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New Arlington Public Safety Officer tries to fix police problems
ARLINGTON — As the city's new Public Safety Officer, Bruce Stedman is focused on moving forward in the wake of a consultant's critical assessment of the police department and its chief's subsequent resignation.
In January, the city continued its eight-year practice of studying its departments by commissioning the Matrix Consulting Group to conduct an analysis of the management, staffing and operations of the police department. On May 15, the study was completed, and on May 20, Arlington Police Chief Nelson Beazley resigned.
While the city declined comment on the resignation, the study pointed to what even Stedman acknowledged were prevalent problems in the management, administration and communication processes of the department.
Among the goals outlined by the study is to reduce the increase in crime over the past four years.
"The only way we can deal with heroin and aggressive begging and other issues is, in the words of the Navy, with all hands on deck," Stedman said. "This will require everyone's input and support, from the community to the police department to the city government. A lot of these groups have already tried to tackle these problems, but their efforts weren't as coordinated as they could have been."
Stedman served as chief of the Arlington Fire Department before Mayor Barbara Tolbert named him Public Safety Officer June 3, one day after the City Council created the two-year position.
"The good news is that this tells me that the cops on the streets are doing a great job," Stedman said, citing the findings that police had an "excellent response time to emergency calls," averaging about 3.7 minutes.
Police Cmdr. Brian DeWitt and Deputy Fire Chief Tom Cooper report to Stedman in his new role, to which he brings not only 36 years of experience in public safety, but also a master's degree in Emergency Services Administration and a bachelor's degree in Occupational Studies, both from California State University, Long Beach.
Stedman plans to make himself redundant as the Public Safety Officer by helping the city and its police and fire departments develop three- to five-year plans.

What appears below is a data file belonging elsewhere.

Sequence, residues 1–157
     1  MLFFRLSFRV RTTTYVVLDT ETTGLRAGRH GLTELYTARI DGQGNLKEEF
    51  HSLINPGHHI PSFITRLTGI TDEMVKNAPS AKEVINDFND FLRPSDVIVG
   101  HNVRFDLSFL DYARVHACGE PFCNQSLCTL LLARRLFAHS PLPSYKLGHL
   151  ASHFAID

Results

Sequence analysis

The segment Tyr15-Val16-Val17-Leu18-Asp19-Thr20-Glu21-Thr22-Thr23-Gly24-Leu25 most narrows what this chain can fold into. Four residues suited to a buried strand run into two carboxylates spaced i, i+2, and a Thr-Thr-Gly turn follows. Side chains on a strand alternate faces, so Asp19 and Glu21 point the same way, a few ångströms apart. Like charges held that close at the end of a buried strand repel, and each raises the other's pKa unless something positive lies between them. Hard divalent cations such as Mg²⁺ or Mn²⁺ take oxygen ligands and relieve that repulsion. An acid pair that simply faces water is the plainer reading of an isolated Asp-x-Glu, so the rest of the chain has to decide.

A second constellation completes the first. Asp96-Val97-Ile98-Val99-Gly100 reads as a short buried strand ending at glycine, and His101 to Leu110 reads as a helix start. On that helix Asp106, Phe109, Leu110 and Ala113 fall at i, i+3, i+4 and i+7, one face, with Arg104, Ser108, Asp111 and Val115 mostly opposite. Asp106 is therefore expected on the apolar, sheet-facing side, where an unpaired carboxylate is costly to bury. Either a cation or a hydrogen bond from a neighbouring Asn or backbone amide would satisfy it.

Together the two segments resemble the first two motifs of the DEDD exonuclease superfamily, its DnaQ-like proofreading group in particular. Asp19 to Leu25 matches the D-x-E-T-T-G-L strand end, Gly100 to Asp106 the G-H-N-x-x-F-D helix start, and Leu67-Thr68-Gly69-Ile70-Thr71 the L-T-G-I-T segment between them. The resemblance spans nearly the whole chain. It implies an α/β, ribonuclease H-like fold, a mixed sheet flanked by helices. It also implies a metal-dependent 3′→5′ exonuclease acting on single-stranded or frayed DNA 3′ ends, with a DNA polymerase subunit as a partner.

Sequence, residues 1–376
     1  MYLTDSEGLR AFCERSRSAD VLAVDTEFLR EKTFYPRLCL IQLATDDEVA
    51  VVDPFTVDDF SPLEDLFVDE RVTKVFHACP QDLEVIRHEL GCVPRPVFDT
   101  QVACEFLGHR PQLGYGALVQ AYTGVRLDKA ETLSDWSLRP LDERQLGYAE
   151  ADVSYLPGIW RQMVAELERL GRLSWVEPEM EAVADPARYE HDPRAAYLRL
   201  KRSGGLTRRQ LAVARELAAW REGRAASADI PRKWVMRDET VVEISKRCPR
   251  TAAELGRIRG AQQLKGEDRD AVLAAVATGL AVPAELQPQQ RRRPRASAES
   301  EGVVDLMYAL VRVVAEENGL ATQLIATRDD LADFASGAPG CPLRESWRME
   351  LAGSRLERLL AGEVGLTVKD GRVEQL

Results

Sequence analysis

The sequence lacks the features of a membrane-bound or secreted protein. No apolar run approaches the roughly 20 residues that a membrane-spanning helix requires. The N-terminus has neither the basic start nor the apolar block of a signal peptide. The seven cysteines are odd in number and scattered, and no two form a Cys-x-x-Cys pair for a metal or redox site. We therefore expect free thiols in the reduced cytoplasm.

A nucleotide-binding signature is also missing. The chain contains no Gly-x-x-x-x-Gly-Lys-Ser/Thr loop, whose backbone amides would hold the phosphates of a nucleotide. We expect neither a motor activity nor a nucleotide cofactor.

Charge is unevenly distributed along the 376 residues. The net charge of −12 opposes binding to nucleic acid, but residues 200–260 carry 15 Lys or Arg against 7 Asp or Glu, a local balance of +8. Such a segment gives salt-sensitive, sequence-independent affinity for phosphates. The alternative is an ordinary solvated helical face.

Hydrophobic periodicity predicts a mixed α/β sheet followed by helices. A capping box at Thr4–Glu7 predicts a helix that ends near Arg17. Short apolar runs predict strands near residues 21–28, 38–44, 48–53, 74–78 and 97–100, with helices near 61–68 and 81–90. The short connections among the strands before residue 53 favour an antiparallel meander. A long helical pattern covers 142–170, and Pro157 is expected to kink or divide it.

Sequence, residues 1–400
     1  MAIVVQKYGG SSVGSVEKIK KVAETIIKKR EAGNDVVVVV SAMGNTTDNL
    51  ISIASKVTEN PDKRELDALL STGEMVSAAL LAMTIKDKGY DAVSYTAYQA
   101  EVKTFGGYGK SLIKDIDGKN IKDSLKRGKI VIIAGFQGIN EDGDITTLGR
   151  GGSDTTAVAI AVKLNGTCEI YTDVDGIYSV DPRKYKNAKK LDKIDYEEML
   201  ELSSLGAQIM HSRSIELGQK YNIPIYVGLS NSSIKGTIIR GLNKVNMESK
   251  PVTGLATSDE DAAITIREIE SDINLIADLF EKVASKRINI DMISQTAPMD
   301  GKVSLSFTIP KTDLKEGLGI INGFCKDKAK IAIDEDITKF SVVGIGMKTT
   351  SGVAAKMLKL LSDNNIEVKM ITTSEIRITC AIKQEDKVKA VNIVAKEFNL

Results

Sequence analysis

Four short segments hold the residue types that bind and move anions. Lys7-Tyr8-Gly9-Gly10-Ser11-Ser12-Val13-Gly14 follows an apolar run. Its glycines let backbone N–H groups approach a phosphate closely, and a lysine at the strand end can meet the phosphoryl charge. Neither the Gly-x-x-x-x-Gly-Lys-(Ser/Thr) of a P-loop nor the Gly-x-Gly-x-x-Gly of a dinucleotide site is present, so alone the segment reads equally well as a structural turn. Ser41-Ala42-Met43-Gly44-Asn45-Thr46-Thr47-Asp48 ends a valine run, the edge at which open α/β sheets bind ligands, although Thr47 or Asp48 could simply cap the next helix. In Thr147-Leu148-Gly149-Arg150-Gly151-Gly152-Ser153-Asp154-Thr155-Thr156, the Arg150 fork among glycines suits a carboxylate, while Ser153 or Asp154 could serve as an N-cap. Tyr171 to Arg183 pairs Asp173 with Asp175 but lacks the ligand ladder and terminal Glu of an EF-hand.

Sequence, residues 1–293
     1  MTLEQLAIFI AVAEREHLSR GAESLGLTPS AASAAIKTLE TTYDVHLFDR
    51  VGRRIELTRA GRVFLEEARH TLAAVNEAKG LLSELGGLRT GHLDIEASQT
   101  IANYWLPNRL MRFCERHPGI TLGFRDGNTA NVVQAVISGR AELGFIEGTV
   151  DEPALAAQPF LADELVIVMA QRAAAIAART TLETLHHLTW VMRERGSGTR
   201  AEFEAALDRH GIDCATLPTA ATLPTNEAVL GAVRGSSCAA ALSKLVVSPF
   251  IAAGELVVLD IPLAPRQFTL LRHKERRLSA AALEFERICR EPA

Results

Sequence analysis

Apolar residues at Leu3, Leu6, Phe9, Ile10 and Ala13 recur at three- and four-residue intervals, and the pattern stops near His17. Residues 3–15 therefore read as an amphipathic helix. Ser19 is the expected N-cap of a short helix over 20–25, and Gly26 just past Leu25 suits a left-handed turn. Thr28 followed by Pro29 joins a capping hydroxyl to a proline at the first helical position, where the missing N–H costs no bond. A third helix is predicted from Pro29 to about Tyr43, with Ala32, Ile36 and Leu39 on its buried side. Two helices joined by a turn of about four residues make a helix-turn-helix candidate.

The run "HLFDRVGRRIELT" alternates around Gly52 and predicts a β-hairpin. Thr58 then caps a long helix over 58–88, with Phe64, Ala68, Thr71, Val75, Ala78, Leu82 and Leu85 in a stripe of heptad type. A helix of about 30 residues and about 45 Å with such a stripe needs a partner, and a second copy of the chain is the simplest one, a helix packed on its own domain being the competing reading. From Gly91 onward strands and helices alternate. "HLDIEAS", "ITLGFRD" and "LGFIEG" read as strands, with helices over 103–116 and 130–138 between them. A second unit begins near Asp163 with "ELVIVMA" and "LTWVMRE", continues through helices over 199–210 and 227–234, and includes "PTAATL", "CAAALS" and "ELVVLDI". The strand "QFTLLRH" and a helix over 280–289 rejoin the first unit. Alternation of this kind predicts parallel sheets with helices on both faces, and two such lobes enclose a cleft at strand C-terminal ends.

"I'll be meeting with the departments' supervisors in June, to make sure our mission and vision statements are things that we can believe in," said Stedman, who added that a "SWOT" analysis of the departments' strengths, weaknesses, opportunities and threats would also be included. Meetings will continue in July.
"The public will be represented as well, but by having members of those departments sit in on the other's meetings, I hope to have them come up with ways they can help each other," Stedman said. "We won't be combining the departments, but we should look for more opportunities to use our resources collaboratively."
Stedman explained the planning process will consist of outlining goals for each department, along with assigning personnel and completion dates to achieve those goals.
Stedman promised more training in response to another survey criticism.
"We need to be spending more time on professional development anyway, so that we can grow our leaders from within our ranks, and not have to hire all of our chiefs from outside our departments," Stedman said.
"We've got a lot of talented people here already, so if we develop them appropriately, morale issues should take care of themselves," he added, referring to the findings that more than 70 percent of the 29 police staff indicated their dissatisfaction through personal interviews and an anonymous survey.
Indeed, when the time comes to hire a new police chief in a couple of years, Stedman sees the plan for the department as a key hiring criterion.
"We'll be telling them, 'Here's the plan. Do you understand it, and do you support it?'" Stedman said.